Not all tropes are equal in quality and when the trope is unsupported by imagination the poet’s style is damaged, the poem is injured, and the reader is left perplexed. This not so rare event is called catachresis – meaning a literal impossibility. As in “The mercury sank in the mouth of the dying day” W.H. Auden

The trope defeats the purpose of the poem when the choice is either too familiar or too remote; too scholastic or too plebian or too elegant or too gross;

“this Peak, so high
Above us, and so distant in its height,
Is visible; and often seems to send
Its own deep quiet to restore our hearts.
The meteors make of it a favorite haunt:
The star of Jove, so beautiful and large
In the mid heavens, is never half so fair
As when he shines above it.”

Here the poet assumes readers know that “the star of Jove” is one of the five wandering planets (Jove/Zeus).

From George Herbert’s Jordan where “Curling with metaphors, a plain intention” where the sense itself is “a finely curled metaphor”.

“When first my lines of heav’nly joys made mention,
Such was their luster, they did so excel,
That I sought out quaint words and trim invention
My thoughts began to burnish, sprout, and swell,
Curling with metaphors a plain intention.
Decking the sense as if it were to sell.”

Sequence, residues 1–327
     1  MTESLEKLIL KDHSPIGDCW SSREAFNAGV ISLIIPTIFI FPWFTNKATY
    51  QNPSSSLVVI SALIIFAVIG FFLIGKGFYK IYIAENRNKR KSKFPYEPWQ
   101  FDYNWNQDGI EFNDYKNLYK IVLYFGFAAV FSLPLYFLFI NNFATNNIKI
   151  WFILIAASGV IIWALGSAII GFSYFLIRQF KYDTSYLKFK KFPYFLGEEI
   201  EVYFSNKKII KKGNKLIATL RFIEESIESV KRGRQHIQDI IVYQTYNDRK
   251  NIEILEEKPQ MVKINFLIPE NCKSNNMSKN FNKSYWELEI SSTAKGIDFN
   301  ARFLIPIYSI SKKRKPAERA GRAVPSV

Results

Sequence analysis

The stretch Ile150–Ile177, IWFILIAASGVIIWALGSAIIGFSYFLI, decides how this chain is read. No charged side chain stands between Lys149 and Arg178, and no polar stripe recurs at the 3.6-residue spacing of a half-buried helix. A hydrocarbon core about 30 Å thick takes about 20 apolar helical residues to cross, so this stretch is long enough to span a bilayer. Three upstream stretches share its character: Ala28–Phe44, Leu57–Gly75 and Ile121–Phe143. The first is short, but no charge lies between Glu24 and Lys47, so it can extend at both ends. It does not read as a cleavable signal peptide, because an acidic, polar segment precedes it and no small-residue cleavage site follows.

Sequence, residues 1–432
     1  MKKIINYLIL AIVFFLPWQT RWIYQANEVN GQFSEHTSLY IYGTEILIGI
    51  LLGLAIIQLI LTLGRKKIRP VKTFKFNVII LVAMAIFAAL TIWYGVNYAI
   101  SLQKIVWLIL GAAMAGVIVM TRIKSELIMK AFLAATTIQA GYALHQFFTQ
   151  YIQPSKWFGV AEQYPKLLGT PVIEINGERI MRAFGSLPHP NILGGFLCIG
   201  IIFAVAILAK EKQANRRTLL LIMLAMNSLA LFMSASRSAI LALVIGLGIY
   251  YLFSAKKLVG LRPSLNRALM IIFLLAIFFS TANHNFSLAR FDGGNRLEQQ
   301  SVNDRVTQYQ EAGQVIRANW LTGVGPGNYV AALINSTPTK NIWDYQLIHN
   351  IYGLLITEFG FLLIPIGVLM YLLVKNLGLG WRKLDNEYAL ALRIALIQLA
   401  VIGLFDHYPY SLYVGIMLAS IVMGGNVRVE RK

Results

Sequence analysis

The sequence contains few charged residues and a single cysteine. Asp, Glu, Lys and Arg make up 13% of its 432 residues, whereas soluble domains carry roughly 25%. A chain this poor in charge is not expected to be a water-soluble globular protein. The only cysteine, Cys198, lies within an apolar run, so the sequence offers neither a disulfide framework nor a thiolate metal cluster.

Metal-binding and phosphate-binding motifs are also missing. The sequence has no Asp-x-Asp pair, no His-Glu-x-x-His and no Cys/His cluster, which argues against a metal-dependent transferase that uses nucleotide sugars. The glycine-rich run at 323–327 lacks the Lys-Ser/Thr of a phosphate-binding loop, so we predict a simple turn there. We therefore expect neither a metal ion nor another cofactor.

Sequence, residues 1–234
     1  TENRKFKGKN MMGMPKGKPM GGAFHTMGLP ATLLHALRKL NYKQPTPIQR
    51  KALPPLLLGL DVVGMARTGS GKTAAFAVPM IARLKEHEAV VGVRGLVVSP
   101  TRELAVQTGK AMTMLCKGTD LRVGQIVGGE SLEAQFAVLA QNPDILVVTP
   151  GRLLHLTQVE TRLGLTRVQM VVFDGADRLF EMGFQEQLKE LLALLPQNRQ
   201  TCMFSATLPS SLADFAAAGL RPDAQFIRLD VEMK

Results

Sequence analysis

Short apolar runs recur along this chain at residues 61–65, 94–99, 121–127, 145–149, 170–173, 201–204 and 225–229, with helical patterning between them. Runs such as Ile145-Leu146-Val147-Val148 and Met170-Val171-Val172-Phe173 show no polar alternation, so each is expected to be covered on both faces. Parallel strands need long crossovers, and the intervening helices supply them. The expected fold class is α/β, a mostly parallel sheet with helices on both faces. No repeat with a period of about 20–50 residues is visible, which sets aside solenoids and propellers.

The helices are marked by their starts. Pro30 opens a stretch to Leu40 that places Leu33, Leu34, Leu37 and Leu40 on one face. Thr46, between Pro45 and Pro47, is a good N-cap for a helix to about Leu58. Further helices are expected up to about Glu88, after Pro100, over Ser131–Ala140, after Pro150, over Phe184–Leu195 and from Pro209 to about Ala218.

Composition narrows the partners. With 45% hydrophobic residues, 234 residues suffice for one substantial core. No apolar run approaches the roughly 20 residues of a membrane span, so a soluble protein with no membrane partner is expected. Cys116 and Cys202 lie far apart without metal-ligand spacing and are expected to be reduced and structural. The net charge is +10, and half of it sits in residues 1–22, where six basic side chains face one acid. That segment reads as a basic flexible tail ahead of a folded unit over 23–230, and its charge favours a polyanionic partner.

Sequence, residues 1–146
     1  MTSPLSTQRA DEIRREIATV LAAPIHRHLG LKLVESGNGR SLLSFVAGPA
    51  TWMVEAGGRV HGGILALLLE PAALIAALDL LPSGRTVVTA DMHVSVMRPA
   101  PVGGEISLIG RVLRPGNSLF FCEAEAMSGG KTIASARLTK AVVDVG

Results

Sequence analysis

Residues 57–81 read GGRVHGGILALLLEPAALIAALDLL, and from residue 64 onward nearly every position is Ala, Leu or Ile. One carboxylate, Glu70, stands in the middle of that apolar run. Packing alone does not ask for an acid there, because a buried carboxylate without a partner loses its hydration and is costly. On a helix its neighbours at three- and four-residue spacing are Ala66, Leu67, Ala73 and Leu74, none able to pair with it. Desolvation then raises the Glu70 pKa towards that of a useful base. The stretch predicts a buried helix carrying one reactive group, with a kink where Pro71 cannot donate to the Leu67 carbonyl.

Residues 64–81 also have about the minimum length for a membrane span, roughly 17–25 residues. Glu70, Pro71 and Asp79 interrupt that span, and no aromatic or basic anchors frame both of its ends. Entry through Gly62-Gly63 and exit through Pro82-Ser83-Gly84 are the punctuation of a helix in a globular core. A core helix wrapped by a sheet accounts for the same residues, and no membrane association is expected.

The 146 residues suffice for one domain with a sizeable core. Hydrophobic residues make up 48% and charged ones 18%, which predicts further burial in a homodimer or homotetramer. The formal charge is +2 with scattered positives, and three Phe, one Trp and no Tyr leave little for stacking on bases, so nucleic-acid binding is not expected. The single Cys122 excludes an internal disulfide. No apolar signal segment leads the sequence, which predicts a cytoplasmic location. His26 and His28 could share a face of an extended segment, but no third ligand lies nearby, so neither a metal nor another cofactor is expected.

Or when the trope is marred over time and becomes overused, mechanical or distorted.

For example: “the Iron Horse” for a train and memorialized by Emily Dickinson:

“I like to see it lap the Mile
And lick the valleys up
And stop to feed itself at Tanks
And then – prodigious step

Around a pile of Mountains
And supercilious peer
In Shanties by the sides of roads
And then a quarry pare…”

and

Stillness round my form
Was like the stillness in the air
Between the heaves of storm.” from I Heard a Fly Buzz When I Died Emily Dickinson

Another fault of the trope is when it is debased by vulgarity or by overuse:

“The dawn finds them filling empty cans
In some sweet-smelling dusty country lane,
Where a brook chatters over rusty pans.” The Widow in the Bye Street John Masefield

Brooks may chatter in poetry but more often across a “myriad of water-lilies” as in a Monet painting.

William Browne (1591-1643) of the Spenserian school of pastoral poets questions the strength of his own tropes within the verse itself as in Britannia’s Pastorals

And rapt with wonder, thus admiring say:
Thrice happy plains (if plains thrice happy may be)…
And woo’d the rivers from their springs to hear him,
Heaven rest thy soul (if so a swain may pray)…

Or finally the writer has opted for rhyme over reason:

“Time that is intolerant
Of the brave and innocent
And indifferent in a week
To a beautiful physique.” W.H. .Auden

“The relish of the muse consists in rhyme:
One verse must meet another like a chime.”

We close with this quotation from Alexander Pope in Essay on Criticism, 1711

False eloquence, like the prismatic glass,
Its gaudy colours spreads on ev’ry place;
The face of nature we no more survey,
All glares alike, without distinction gay;
But true expression, like th’ unchanging sun,
Clears, and improves whte’er it shines upon;
It cilds all objects, but it alters none.
Expression is the dress of thought, and still
Appears more decent, as more suitable.
A vile conceit in pompous words express’d,
Is like a clown in regal purple dress’d:
For diff’rent styles with diff’rent subjects sort,
As sev’ral garbs with country, town, and court.


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Appendix